noun: a state or period of being in bloom or of flourishing
“Salmonberry flowers … add their showy magenta florescence to the visual banquet.” —Carla Peterson, Capital City Weekly (Alaska), May 25, 2011
“Just one year later, the Solidarność movement was flourishing, animated by a new sense of national unity and a commitment to non-violence.… But this florescence occurred against a backdrop of fear that, at any point, the Soviet Union might intervene….” — Victor Gaetan, The National Catholic Register, June 18, 2014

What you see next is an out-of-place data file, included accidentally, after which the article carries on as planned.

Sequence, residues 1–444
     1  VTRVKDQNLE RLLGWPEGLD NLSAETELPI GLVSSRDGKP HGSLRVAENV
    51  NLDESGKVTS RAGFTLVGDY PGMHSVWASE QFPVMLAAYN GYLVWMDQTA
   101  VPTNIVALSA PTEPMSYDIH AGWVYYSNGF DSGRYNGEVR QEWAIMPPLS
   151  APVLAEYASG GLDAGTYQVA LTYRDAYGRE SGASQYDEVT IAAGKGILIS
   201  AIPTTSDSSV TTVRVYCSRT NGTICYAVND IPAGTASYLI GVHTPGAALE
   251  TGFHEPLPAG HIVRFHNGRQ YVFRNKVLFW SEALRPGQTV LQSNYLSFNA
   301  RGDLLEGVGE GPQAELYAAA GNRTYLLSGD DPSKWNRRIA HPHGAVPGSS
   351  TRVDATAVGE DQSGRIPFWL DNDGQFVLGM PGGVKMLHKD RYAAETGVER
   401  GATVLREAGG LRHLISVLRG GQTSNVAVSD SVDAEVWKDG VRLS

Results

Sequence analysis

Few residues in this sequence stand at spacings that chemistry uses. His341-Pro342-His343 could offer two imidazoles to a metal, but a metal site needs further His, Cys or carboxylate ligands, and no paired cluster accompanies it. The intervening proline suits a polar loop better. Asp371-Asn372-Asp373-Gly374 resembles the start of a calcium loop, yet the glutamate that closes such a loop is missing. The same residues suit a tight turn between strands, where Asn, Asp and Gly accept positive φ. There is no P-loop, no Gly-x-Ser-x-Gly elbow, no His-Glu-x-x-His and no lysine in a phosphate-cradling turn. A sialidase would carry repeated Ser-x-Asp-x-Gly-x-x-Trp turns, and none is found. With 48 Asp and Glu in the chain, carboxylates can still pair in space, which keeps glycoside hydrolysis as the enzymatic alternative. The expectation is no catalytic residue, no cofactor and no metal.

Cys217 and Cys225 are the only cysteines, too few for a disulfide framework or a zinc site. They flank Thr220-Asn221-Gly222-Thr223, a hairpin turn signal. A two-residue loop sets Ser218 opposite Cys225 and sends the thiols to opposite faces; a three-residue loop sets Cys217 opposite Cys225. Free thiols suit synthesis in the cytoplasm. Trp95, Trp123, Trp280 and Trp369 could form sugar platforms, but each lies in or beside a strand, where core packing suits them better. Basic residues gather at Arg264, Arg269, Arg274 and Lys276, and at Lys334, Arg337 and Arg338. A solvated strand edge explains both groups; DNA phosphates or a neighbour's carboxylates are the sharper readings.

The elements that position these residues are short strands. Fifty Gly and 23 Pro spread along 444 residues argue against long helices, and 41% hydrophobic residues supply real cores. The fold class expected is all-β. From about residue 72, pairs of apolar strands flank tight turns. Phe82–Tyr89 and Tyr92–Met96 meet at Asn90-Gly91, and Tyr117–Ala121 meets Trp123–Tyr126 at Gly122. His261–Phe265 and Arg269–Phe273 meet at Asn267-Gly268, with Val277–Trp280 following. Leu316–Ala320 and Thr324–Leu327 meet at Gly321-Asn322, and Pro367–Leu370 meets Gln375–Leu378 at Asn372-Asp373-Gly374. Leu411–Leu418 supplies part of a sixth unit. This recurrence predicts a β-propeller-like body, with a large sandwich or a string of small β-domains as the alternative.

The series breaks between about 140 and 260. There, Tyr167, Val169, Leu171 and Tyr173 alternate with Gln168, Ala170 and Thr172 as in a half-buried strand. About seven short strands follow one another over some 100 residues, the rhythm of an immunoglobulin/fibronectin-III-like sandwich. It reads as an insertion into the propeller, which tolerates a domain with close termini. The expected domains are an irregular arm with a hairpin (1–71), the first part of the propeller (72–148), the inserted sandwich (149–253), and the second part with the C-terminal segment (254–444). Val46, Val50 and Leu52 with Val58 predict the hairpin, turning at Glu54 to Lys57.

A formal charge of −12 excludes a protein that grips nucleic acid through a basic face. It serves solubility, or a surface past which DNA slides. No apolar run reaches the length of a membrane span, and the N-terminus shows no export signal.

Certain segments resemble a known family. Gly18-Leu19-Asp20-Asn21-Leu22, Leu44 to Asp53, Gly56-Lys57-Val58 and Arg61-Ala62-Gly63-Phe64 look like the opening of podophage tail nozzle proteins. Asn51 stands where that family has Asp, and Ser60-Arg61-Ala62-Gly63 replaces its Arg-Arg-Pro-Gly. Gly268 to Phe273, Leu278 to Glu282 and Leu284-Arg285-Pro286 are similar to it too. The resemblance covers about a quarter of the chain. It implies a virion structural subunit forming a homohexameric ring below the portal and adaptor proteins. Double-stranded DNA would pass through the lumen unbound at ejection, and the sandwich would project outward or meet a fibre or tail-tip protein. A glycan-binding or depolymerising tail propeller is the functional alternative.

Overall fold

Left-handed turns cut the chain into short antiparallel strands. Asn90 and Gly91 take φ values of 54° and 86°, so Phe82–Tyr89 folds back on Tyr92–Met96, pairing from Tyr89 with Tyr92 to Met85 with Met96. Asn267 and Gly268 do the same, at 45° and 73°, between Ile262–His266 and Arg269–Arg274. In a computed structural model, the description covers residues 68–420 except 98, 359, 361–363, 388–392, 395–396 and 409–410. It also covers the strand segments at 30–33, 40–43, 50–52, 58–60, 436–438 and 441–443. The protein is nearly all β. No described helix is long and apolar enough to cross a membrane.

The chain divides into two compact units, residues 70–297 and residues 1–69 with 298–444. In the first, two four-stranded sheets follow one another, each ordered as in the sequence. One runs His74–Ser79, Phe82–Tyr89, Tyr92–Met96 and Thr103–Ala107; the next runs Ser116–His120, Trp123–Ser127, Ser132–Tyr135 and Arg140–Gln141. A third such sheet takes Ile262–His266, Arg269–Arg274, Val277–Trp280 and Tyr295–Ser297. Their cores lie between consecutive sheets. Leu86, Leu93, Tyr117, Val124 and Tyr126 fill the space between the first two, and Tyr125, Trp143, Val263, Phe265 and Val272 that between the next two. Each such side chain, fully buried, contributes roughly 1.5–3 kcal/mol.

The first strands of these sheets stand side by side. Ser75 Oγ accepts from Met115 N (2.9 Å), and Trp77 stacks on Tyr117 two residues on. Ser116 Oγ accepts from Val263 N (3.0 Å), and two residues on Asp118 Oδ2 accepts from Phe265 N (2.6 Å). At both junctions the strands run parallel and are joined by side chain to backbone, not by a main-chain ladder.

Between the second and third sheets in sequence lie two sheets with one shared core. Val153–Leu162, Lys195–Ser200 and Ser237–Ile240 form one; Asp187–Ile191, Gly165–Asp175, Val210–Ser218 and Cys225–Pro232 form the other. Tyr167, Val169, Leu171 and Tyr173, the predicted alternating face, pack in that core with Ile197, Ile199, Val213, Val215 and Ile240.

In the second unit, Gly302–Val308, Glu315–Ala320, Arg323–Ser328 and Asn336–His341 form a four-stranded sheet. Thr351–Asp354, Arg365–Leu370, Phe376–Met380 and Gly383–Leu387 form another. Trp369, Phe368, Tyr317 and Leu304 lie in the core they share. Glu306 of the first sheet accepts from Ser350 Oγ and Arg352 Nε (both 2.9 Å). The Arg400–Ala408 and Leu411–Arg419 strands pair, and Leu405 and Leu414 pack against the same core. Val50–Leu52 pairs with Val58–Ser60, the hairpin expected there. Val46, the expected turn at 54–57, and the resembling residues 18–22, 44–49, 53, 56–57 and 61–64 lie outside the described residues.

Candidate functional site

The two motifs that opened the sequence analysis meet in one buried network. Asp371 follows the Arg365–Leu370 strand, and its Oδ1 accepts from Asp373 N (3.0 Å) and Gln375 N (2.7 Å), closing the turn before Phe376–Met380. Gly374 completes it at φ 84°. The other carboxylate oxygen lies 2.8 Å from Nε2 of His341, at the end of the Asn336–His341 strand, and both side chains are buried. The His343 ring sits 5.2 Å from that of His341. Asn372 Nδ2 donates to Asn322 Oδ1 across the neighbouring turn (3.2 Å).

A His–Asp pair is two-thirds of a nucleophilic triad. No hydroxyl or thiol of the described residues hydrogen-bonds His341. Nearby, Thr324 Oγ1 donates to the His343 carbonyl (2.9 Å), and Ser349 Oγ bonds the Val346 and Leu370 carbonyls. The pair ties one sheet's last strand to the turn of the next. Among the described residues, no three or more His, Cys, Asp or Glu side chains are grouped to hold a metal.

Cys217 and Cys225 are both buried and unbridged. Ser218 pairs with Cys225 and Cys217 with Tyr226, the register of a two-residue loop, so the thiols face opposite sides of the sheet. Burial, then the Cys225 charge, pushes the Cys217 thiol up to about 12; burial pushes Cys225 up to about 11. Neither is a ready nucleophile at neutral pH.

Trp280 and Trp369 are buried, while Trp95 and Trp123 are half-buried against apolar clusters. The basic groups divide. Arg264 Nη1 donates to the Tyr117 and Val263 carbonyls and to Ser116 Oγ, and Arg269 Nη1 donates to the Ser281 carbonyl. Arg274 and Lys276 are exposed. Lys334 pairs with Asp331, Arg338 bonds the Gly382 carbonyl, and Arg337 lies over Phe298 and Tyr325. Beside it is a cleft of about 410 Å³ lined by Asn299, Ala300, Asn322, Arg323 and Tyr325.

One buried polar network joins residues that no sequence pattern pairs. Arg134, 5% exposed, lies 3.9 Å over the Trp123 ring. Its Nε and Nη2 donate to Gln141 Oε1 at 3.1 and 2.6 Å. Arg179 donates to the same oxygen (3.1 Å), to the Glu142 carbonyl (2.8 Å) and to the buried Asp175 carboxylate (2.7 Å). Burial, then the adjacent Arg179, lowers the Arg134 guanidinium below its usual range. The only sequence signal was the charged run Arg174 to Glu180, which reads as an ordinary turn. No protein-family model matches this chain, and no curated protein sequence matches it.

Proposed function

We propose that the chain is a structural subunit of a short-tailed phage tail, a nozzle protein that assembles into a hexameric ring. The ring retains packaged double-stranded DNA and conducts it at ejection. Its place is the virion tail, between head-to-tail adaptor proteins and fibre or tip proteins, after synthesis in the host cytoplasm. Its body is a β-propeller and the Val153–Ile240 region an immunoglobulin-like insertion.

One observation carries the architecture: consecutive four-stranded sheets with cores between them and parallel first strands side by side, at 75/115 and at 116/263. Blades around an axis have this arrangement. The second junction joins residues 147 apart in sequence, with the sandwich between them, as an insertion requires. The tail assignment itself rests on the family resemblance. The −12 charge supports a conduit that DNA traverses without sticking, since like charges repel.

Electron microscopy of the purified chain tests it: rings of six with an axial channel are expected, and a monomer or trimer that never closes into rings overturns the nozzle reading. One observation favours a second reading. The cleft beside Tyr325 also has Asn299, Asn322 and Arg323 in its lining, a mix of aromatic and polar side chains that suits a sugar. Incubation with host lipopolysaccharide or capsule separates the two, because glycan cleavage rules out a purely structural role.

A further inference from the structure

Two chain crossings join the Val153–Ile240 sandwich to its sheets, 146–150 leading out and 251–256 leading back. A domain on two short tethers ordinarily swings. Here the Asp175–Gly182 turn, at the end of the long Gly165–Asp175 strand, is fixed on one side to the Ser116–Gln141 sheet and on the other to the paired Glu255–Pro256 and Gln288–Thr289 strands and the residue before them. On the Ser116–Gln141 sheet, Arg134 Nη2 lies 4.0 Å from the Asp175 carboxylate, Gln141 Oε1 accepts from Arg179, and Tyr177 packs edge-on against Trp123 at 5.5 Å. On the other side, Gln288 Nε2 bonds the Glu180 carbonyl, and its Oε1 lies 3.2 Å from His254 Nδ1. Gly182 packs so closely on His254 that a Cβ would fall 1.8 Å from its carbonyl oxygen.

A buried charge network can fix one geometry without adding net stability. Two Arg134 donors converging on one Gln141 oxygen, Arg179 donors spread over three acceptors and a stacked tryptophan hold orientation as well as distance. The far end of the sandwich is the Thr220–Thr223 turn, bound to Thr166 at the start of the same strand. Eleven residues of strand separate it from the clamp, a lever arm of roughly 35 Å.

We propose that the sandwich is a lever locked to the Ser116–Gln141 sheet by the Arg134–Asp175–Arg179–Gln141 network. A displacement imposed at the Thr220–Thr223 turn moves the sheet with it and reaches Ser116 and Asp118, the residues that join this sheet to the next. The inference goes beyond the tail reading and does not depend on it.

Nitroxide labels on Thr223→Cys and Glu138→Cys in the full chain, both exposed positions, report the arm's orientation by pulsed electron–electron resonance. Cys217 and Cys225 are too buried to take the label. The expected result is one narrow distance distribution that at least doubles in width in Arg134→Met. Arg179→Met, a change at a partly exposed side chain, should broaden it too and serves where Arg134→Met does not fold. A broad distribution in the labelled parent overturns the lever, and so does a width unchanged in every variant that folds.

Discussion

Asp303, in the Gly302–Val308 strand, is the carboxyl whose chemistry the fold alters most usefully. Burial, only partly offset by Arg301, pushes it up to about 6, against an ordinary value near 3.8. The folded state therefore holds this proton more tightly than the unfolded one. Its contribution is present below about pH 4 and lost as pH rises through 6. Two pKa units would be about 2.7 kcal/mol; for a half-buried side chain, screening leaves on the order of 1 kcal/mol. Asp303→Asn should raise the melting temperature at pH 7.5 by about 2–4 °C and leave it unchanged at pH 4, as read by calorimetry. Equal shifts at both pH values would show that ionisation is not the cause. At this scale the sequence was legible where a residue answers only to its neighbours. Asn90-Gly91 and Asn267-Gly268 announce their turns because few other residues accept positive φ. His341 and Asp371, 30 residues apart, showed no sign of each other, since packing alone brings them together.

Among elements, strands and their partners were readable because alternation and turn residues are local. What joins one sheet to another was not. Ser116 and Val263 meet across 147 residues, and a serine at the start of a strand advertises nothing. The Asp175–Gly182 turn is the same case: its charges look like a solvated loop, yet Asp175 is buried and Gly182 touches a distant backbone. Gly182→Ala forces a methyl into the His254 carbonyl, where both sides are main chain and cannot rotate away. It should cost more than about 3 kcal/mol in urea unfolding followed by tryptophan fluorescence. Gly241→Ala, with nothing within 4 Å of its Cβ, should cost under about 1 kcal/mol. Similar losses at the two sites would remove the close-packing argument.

Did you know?
The flowering of botany as a science in the 18th century produced a garden of English words that came about as adaptations of Latin words. Botanists picked “florescence” as a showy word to refer to the blooming of a flower—a good choice given that the term grew out of the New Latin “florescentia,” meaning “blossoming.” “Florescentia” is related to the Latin verb “florēre” (“to blossom or flourish”) and rooted in the Latin noun “flos,” meaning “flower.” Less literal types appreciated the word, too, and applied it to anything that seemed to be thriving or flourishing, as in “the highest florescence of a civilization.”